TomB

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About TomB

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    TOTAL NEWBIE

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  1. I think along the same lines as Coinbuf and my reasoning, which I suspect mirrors Coinbuf's reasoning fairly well, follows. A raw copper coin with blazing red color and/or clear mirrors might not have been the same red color or might not have had the same mirrors just two or three weeks ago. In other words, a raw copper coin could have had its surfaces enhanced, altered or otherwise changed in the very recent past and such coins are notorious for changing over time to a different appearance. They may become darker, they may get more brown, they may spot or haze. Regardless, the change is almost always in the negative direction. However, a blazing red copper coin or one with clear mirrors in a PCGS rattler holder, or holder of similar generation, means that it looked pretty much similar when it was holdered (in this case from 1986-1989) as it does today and that also means that it is likely to continue to be stable into the foreseeable future. Once that coin in the ancient holder is placed into a new holder then all bets are off in terms of both stability and in how it is looked at by other folks who might not think the coin stable and/or original. Personally, it is doubtful I would ever take an ancient holder with a gold CAC sticker and regrade for a single point higher with a green CAC sticker. However, I think each of us should do what is best for each of our collections and for the directions we want to take those collections.
  2. My post had meant to convey that all the dealers loved the coin when I first showed it to them and they all asked what I had paid to obtain the piece. I did not find this odd as I have/had a good working relationship with all of them (recall this is about 10-12 years ago so some might not be actively in the business anymore) and I told them honestly what I paid. At that point each dealer, except for one, told me he/she loved the coin, but that I paid too much and wouldn't be able to break even. The lone exception was one dealer who offered me nearly $20k for the coin even though he knew I paid essentially one-third that price. Later, after the coin received the CAC gold sticker, I brought it back to Baltimore and showed it to the same dealers who had seen it previously. This time, their reactions were that they still loved the coin and each offered me around the same number that the previous dealer offered (nearly $20k) at the prior show. In other words, all the dealers loved the coin both before and after the sticker, but the bulk of the dealers valued it differently once it had the gold CAC sticker.
  3. Not exactly. PCGS has a set of rules published in February, 2011 stuck at the top of their coin board. They are pretty much standard or common sense guidelines for a forum that is run by a public company and aimed at a niche market. Traditionally, PCGS moderation has been quite loose in enforcing those rules, which has at times resulted in spiked activity for trolls, alternative IDs and folks who merely post there to muck things up. At such times, PCGS has historically banned a few folks, though they sometimes let them back on the boards. In the last few weeks there was an extreme spike in this type of activity and many of the PCGS regulars got caught up in the nonsense only to find themselves temporarily (or perhaps permanently) banned. The hand of moderation also appears heavier right now because a new, much more active moderator is on the boards and this moderator is making some unpopular choices, which I believe are overdue, regarding closing threads or issuing warnings. Please be advised that there is some heavy bias at times in posts on the NGC boards when the discussion of the PCGS boards pops up and expect to find the same bias at times on the PCGS boards with respect to the NGC boards. As for CaliforniaBen getting banned, I have no information other than what was posted in this thread.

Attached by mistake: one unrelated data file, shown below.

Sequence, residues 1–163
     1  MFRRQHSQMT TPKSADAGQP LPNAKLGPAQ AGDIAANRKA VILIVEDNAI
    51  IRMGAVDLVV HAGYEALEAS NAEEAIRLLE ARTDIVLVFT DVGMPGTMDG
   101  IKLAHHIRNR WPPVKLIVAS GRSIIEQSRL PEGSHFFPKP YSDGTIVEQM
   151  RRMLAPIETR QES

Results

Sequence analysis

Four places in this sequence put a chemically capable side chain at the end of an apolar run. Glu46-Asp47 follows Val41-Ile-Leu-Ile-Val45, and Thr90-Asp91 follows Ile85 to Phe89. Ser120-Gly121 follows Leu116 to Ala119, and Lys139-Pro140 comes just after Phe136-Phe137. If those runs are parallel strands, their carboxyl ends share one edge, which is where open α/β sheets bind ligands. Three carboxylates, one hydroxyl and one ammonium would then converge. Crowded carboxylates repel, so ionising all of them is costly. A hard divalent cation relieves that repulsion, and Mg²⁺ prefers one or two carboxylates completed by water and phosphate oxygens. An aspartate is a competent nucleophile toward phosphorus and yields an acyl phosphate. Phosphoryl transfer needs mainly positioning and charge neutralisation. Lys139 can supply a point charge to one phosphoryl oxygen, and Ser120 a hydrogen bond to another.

4. The reverse matches the obverse and might actually be a hair nicer.
  5. Wow! Interesting first post. What was your user ID ATS?
  6. Howdy Mark, and thank you for the welcome. The coin is an 1892 Barber half dollar and I have attached (I believe this was done correctly) an image of the coin, slab and sticker. At the time of acquisition, about a dozen years ago, one could buy an average (euphemistic term for "yuck") PCGS MS66 Barber half dollar in the $4,000-$4,500 range while really nice coins (if they could ever be found!) were in the $6,000-$6,500 range. I paid in the higher range for my coin. Also, at that time a PCGS MS67 Barber half dollar would run at least $12,000 and up to $18,000 or thereabouts. I don't recall if the + grades were being handed out at that time. Today the MS66 cost would be as low as $3,500 and the MS67 cost might be less than $8,000 (in both cases for what I consider inferior coins) while true knockouts have held their value, in my opinion. When I told the bulk of these experienced, seasoned, respectable, reputable, incredibly well-known dealers what I paid they all thought I was buried and then when the coin came back with the gold CAC sticker they all wanted to buy it at the high end of the MS67 range. I guess this shouldn't be so much of a surprise given that even today, more than a decade after CAC was established, they have only awarded 17-business strike Barber half dollars a gold sticker while they have awarded 3,679-green stickers and if we assume a 44% success rate, which I think quite realistic, then around 8,400 business strike Barber half dollars have been submitted to CAC for evaluation. This works out to about one gold CAC sticker for every 494-business strikes submitted for this series.